For appetizers, we got the crab tostaditas, goat cheese tamales and guacamole. The meaty crab atop crunchy slices of deep fried plantains was very good. The grilled pineapple cubes and tomatillo-avocado salsa brought it all together -- some smokiness, some sweetness and all with varied textures.
We found that the guacamole had been hopelessly overrated. This guac was seriously nothing special. It was actually pretty bland. Some reviewers raved about the chips but I couldn't really agree there that they were anything to write home about. They were ok but nothing exceptionally excellent. I found them on the heavy side.

The accompanying red and green salsas salvaged the guac. My dinner companion correctly assumed that they likely made the guac mild for the masses and one could adjust the heat level by mixing and matching with these salsas. I liked the red one more. Still, good but nothing special.

The goat cheese tamale wasn't my favorite either. It was a corn, roasted poblano chiles and goat cheese tamale but I didn't detect too much flavor.

I got the Tinga Poblana, which was pork shoulder and belly braised to uber tenderness, chorizo, roasted tomatoes, smoked chipotle, potatoes and avocado, with a sprinkling of queso fresco on top.

I liked the idea of it more than the actual dish, I think. I was also pretty full by the time the entrees arrived. So I nibbled on a few bites, which tasted pretty good, especially when I scooped up the meat with some avocado and other sides.

To tell you the truth, while good, I was concocting all sorts of ways I would repurpose the meat at home. Wouldn't it be nice as a breakfast quesadilla with a fried egg on top? Or just plain tacos? My friend liked her adobado shrimp tacos.

I was devastated when I later found myself home without the meat! What a loss! Hate it when that happens.

I had read a lot about the delectable desserts, and was poised to get the buñuelos, which are like donuts only better. I was momentarily disappointed the menu didn't have that, but alas, the replacement was even better -- churros!

Yes, it is hard to go wrong with churros -- deep-fried beauties sprinkled with some sugar and cinnamon powder, and drizzled with some gooey chocolate sauce that had just the right amount of sweetness. 'Nuff said. They were delicious -- crunchy on the outside and soft on the inside. They were a bit heavy on the sugar coating, literally, but they were easily dusted off.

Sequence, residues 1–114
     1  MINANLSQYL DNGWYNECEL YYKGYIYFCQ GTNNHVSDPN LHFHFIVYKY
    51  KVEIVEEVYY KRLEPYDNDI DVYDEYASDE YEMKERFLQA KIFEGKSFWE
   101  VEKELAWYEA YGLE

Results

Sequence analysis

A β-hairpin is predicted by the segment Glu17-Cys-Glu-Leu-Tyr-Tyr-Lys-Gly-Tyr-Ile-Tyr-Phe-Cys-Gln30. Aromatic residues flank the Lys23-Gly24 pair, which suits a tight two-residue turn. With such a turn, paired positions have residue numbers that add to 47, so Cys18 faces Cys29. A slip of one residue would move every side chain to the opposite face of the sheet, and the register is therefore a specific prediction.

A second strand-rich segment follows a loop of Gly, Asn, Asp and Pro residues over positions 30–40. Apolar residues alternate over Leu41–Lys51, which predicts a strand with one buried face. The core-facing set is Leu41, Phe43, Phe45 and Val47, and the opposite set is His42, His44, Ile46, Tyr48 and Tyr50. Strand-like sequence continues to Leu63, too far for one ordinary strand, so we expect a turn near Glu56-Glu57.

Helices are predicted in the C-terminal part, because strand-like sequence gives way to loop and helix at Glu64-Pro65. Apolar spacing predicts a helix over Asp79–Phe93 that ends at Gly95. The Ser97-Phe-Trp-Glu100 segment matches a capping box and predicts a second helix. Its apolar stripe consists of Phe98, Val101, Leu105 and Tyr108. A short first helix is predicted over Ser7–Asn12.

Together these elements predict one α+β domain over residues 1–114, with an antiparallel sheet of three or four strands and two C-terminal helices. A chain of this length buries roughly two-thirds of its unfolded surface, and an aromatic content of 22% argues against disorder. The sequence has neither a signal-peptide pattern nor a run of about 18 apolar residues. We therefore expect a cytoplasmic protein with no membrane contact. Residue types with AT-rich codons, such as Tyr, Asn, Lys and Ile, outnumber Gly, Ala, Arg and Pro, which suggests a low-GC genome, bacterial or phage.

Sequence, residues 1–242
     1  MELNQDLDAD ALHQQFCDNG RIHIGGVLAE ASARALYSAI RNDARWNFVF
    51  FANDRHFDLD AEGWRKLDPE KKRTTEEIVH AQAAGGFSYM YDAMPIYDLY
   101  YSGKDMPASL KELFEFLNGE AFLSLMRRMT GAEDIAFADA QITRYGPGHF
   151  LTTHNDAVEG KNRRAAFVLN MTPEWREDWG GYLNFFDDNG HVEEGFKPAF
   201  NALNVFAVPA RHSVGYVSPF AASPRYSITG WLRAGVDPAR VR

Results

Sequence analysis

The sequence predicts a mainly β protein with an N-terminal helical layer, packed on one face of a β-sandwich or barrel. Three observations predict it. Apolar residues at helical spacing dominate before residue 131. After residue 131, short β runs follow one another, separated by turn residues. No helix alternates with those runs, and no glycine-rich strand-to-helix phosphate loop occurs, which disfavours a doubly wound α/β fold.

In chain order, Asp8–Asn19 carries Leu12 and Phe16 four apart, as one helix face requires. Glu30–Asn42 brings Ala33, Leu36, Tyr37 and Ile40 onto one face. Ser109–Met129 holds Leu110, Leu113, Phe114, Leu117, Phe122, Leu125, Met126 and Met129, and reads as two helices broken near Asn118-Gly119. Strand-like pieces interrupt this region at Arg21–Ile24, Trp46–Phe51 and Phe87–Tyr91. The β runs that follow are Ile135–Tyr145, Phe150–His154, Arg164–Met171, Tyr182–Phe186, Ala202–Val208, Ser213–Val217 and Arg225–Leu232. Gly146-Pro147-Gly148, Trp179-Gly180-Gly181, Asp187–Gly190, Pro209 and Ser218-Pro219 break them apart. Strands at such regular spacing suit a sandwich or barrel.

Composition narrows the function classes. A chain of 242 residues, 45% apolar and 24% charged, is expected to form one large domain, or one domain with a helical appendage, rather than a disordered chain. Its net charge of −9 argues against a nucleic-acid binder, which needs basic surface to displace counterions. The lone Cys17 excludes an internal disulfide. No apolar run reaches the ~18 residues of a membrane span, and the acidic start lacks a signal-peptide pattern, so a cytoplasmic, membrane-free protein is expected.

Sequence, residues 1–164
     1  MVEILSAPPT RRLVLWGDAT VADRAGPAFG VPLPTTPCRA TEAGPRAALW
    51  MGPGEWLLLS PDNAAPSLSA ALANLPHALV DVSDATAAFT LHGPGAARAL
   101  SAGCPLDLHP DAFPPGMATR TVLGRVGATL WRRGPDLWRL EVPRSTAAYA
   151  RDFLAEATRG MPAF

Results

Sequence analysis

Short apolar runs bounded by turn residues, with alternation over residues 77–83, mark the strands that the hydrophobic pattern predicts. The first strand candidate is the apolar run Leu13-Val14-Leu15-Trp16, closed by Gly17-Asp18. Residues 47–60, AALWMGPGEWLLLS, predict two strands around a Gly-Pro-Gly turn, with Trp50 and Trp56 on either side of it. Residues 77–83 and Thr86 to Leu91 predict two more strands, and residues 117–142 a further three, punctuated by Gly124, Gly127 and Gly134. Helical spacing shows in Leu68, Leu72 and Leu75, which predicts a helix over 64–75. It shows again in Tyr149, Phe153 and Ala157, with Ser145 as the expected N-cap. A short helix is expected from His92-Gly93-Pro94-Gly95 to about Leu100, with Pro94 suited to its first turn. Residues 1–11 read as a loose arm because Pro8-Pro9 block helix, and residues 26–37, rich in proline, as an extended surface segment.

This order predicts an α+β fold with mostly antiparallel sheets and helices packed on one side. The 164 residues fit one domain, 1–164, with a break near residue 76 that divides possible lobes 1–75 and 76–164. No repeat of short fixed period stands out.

Behold, those babies...

It isn't cheap but while I wasn't blown away, I am curious about his take on other classic Mexican fare, like cochinita pibil, short-rib sopes or the chorizo queso fundido.

Sunday, July 3, 2011

Going Picnicking? Try These Delish Tuna Kimbab

I have been a sad witness to not one but two of my favorite kimbab (Korean seaweed rolls) joints move their locations. First it was Jongno Kimbab in the Koreatown Plaza food court, which had great tuna and perilla leaves kimbab that made many a fellow picnicker happy back in the day. Then it was the one in the food court of California (or Kaju in Korean) Market on Western, which recently moved locations to a fancier place.

I was ecstatic when I found that the food court in Hankuk Market on Western and First has great tuna kimbab too! I suspect it's actually the same vendor as the one in California Market because the kimbab look, taste and cost exactly the same! It's not cheap at $6 but it stretches to 3-4 meals.

It's like a seaweed roll, but has pickled daikon radish, spinach, carrots, egg and the two ingredients that takes it over the edge to fantastic -- canned tuna and perilla leaves!

Perilla leaves often get confused for shisho but they're very different, both in origin and flavor. I myself am partial to perilla leaves because it enhances the whole package with its nuttiness and adds great texture with its crunchiness. You've read my extolling the virtues of this leaf before.

Adding a bit of mayo to the tuna makes it softer and delicious but you can skip it if you make it at home.

One of the best things about these babies is the aromatic scent of sesame oil on the seaweed (You're supposed to lubricate the knife with sesame oil when cutting the rolls. It's a good tip!). One word of caution is that it doesn't keep well in the fridge because the rice gets hard. And you're best off eating it fairly quickly because of the perishable mayo. That said, you could also make it without mayo, which still tastes pretty good. But that's another post on cooking...These are great for picnics, Bowl outings, etc. Kimbab away!